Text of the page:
The ruling by the FCC yesterday really is a good thing, and regardless of how one thinks of the Obama administration on other issues, this one they got right.
The decision is similar in timing to the major sea-state change in 1934, during the last Depression when government moved to regulate then fledgling radio.
Essentially, the decision says cell phone carriers must as in the public interest and can’t set up special “high speed lanes” for higher paying users and thus, the idea that all bits are created equal is still alive.
At least mostly.
There’s already a special set of lanes for the military. What the ISPs were after was another way to screw consumers out of additional revenue…and thanks to a well-reasoned decision, that’s off the table now.
Verizon went so far as to put out a press release in Morse Code to underscore how they thought it was an anti-progress move.
Of course, phone companies would like to pick your pocket for additional fees, for things like connecting to your private music server or your home surveillance system. So look for the greedsters to head to court next in attempts to fatten their take.
The greedsters were looking to charge for different bit rates, so you could be driven to an Amazon Video over Netflix, depending on connection fee (bribes) would have been paid to the carriers for preferential bit rates.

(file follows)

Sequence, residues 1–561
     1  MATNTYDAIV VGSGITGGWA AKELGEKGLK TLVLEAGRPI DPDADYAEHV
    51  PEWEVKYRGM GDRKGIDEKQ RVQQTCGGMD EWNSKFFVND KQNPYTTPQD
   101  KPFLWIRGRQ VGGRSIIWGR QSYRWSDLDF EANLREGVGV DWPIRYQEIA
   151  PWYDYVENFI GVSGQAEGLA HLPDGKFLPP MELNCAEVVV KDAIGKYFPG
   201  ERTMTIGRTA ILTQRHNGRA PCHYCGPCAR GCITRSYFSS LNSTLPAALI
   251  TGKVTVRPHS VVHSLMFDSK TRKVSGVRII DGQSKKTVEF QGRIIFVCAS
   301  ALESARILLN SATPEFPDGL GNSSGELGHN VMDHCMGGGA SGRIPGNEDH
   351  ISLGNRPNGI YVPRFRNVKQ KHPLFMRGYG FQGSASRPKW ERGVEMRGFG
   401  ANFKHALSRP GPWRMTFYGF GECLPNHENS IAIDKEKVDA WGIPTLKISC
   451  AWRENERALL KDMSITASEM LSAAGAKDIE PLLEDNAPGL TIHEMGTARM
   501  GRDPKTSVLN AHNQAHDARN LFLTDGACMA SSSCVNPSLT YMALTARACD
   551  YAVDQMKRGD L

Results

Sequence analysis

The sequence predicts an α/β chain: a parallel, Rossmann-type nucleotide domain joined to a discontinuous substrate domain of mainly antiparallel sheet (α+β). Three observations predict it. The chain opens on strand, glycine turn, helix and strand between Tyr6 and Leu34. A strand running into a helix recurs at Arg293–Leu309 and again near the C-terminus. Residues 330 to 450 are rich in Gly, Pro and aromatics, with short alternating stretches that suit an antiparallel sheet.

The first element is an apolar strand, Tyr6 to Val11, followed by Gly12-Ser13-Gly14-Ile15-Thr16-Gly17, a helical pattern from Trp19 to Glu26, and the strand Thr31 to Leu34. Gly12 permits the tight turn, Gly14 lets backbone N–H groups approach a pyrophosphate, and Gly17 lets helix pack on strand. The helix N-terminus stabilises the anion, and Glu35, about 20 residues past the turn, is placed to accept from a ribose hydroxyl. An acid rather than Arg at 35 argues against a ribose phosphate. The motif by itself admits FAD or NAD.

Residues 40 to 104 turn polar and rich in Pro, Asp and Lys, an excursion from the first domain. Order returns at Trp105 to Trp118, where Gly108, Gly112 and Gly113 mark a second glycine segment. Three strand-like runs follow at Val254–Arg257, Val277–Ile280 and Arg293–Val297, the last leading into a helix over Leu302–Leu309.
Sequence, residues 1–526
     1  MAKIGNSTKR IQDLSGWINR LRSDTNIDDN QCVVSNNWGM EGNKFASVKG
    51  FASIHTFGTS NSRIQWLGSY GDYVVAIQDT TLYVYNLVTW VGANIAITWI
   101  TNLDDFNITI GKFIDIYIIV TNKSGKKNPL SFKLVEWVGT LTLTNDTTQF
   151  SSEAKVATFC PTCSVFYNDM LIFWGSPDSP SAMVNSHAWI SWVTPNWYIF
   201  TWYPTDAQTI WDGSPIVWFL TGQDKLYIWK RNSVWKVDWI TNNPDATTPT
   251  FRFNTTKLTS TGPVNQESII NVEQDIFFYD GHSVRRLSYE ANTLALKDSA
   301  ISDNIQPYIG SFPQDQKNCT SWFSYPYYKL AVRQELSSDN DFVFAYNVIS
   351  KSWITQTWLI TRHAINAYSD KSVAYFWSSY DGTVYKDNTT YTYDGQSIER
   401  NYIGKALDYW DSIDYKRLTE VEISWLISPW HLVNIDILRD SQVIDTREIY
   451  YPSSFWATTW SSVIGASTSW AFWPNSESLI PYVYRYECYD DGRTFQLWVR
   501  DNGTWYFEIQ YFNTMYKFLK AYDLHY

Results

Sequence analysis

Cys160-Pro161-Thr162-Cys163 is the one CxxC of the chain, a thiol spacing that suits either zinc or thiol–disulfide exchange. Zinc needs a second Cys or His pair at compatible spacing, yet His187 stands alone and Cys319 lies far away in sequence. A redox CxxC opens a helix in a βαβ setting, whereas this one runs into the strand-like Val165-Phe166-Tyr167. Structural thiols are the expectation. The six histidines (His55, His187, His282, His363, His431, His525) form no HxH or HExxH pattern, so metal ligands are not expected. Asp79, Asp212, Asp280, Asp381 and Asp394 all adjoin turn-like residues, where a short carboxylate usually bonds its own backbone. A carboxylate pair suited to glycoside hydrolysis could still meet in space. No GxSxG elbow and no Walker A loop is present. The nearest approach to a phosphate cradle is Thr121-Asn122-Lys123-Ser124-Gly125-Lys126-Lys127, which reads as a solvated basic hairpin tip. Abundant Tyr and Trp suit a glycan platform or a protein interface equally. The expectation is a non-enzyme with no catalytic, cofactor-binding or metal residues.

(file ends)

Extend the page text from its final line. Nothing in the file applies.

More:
So yes, Obama’s regime did get something right and it’s in the public’s interest. No matter how the corporate hucksters try to paint it the other way.
Still, as a reader in Idaho puts it:
Just finished your posting, the part about the 1934 communications act and gov’t power struck home….remember what else happened in 1934? Like the NFA, which prohibited Americans from possession of many types of smoke poles and mufflers? I now understand the reasoning behind it: The control of the power base the gov’t has and wants to keep in place……
On the Other Hand: Lynch
The Senate has approved Loretta Lynch for Attorney General. Good attorney, perhaps, but I’ve gotta side with the GOP worries about her support of unilateral executive action on illegal immigration. Can’t these people read law? Blame Bush six years on? GMAFB
The Rest of Washington Goes to Pot, Too
Details here, vape it up.
having missed the snow/sleet at the ranch this week, I was pleased to see the video of Senator Inhofe throwing a snowball while poking fun at the global climate change (new tax) supporters.
Make no mistake, CO2 levels are going up. Yes, it causes greenhouse effect.
But where’s the work on ocean dead zones where fertilizer runoff has killed off the ocean’s natural ability to create oxygenation? When the global climate change people start sounding the alarm on that and impact of sun cycles (which is why other planets were warming) then maybe I will listen more closely.
For now, if it looks like a global tax scam, smells like a global tax scam, then it’s likely a what?
Speaking of which, did you know wheat was grown in England 8,000 years ago? And now that you know it, does it really matter?
Health: Eye Openers
This Google headline is one more reason to drink coffee: Coffee intake linked to reduced risk of MS
Another report (google it) says too much sleep can increase your risk of a stroke.
And, as long as we’re passing out medical notes, here’s a report on an Ebola virus pill.
Take it with coffee when it comes out.
Which won’t be in time for a possible Ebola case in Virginia.